Banned Super Bowl Commercials

Are advertisers seeking out controversy on purpose?

ByABC News
February 1, 2010, 5:04 PM

Feb. 2, 2010 — -- Entertaining Super Bowl commercials often attract more attention than the big game itself, but this year it's the controversial nature of certain ads, not the creativity behind them, that's prompting double takes.

CBS, which is airing this year's Super Bowl match-up between the Indianapolis Colts and the New Orleans Saints, has rejected at least two ads, one for the Internet domain company and another for a dating site for gay men, Man Crunch. The network, meanwhile, has accepted a controversial commercial by the conservative Christian group Focus on the Family.

The rejected ad features an effeminate former football player-turned lingerie designer, while the Man Crunch commercial shows two male football fans kissing.

The Focus on the Family ad tells the story of a woman who contracted amoebic dysentery and, despite doctor's advice, chose not to terminate her pregnancy. The son she gave birth to grew up to be college football star Tim Tebow.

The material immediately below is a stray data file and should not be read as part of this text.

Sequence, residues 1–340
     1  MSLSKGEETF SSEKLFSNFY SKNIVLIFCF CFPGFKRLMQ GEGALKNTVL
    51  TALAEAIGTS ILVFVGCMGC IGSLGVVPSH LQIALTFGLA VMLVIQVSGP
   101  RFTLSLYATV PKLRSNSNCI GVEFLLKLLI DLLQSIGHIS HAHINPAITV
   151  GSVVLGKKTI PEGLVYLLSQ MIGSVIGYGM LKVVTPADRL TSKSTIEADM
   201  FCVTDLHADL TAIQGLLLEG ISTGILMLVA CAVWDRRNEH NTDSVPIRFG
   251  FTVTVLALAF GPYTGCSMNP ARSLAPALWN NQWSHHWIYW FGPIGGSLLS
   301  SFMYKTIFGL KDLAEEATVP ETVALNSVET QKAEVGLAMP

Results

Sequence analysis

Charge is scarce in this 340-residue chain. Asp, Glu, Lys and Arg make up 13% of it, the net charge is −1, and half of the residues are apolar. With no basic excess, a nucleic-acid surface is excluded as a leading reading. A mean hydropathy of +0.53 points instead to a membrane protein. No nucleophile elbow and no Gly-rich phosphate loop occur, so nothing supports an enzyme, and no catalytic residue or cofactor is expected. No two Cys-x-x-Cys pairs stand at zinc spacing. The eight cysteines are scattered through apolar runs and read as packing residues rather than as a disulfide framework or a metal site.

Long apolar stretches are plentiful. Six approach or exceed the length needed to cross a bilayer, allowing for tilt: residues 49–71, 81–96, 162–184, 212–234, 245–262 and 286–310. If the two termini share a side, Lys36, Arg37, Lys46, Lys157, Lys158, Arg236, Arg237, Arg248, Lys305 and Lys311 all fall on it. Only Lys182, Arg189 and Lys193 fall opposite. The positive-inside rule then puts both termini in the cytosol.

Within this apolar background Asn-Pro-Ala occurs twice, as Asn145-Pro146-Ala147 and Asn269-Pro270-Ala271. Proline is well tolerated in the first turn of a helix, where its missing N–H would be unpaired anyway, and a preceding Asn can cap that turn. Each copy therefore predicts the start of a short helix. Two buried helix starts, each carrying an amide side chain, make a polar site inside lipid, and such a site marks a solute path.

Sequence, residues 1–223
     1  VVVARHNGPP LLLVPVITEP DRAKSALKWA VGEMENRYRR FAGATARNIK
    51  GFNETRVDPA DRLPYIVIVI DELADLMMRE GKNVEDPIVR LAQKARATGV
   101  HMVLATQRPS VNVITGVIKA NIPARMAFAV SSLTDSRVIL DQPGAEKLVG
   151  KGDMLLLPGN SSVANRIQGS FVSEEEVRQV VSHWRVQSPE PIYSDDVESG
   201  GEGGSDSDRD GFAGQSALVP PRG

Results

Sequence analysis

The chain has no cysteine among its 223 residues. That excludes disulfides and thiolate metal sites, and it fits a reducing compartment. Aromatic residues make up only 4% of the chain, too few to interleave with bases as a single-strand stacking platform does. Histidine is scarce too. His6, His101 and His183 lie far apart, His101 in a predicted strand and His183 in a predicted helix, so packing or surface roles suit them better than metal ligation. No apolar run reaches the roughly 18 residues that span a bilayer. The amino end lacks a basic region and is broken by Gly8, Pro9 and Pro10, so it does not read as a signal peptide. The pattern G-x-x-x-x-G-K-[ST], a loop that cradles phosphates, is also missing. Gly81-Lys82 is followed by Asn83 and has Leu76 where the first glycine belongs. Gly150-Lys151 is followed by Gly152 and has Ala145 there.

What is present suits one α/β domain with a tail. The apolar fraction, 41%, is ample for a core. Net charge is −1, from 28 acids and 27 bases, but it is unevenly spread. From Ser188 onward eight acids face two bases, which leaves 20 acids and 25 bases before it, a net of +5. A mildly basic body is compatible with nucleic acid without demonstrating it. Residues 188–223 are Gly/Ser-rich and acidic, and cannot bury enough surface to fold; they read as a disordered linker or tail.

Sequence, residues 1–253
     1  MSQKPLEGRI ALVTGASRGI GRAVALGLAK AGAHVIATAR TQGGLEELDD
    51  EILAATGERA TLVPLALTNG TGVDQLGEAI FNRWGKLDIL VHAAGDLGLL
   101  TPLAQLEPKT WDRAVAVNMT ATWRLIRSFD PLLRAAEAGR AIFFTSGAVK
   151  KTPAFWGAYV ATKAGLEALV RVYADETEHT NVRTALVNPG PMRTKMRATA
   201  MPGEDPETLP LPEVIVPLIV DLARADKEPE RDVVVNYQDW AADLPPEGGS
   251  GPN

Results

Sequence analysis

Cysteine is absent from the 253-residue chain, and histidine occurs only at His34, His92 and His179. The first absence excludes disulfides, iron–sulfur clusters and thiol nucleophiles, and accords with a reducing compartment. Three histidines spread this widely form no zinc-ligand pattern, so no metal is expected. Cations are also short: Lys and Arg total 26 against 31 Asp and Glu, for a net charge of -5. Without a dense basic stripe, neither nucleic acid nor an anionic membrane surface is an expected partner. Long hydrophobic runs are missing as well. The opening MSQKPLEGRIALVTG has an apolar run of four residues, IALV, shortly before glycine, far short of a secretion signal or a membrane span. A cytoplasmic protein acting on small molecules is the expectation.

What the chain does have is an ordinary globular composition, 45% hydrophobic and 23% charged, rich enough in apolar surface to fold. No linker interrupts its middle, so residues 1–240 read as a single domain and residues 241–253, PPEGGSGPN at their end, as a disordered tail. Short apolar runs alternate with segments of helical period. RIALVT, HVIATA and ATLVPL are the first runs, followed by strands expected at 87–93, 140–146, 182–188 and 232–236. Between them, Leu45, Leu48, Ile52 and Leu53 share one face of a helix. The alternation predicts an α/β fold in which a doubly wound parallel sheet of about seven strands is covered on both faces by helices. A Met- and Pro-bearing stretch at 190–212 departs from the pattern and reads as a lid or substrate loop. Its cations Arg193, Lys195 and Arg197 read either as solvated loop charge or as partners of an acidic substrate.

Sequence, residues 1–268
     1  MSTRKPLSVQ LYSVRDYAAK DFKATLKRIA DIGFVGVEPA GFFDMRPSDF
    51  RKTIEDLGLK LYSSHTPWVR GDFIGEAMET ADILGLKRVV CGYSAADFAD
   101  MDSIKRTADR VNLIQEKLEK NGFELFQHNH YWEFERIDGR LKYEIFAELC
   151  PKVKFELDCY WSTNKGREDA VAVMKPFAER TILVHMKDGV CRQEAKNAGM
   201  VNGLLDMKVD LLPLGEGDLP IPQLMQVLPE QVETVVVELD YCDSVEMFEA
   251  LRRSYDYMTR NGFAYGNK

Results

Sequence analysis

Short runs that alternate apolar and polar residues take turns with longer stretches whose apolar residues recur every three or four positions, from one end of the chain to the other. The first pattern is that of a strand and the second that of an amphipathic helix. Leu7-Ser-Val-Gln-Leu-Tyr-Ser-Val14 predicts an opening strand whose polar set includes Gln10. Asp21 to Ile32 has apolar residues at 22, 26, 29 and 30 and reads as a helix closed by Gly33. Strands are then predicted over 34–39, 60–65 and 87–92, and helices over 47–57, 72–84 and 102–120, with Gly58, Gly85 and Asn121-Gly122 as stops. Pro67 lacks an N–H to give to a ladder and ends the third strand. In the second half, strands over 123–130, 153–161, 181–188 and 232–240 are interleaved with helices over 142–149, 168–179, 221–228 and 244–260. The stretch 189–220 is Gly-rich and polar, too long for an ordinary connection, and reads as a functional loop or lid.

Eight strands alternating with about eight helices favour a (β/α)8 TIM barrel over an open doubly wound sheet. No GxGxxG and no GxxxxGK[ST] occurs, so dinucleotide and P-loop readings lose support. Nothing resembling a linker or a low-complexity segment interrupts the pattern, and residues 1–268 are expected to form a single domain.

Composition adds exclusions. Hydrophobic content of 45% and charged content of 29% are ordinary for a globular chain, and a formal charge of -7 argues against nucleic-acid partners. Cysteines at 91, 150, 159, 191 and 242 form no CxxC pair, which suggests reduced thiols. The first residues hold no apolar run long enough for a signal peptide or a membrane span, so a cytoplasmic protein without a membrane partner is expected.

Bob Garfield, an advertising critic for the magazine Advertising Age, said that it's up to a network's standards and practices division to determine which ads are suitable for air. When a network decides whether to air an ad, he said, it's not about making moral judgments but rather determining whether an ad is "going to be offensive to large swaths of the audience."

Garfield and others say that sometimes advertisers will submit a commercial knowing full well that it will be rejected; being rejected, they say, comes with its own benefit: free publicity.

"There's a separate cottage industry based on getting your Super Bowl spot banned," said Barbara Lippert, an ad critic for Adweek. "You get all the free publicity and you never have to actually pay the media cost."

As Focus on the Family's ad has shown, however, a commercial doesn't need to actually be rejected to draw an unusual amount of attention -- and that's a good thing for Focus on the Family, said Larry Woodard, the CEO of the ad agency Vigilante and an advertising columnist for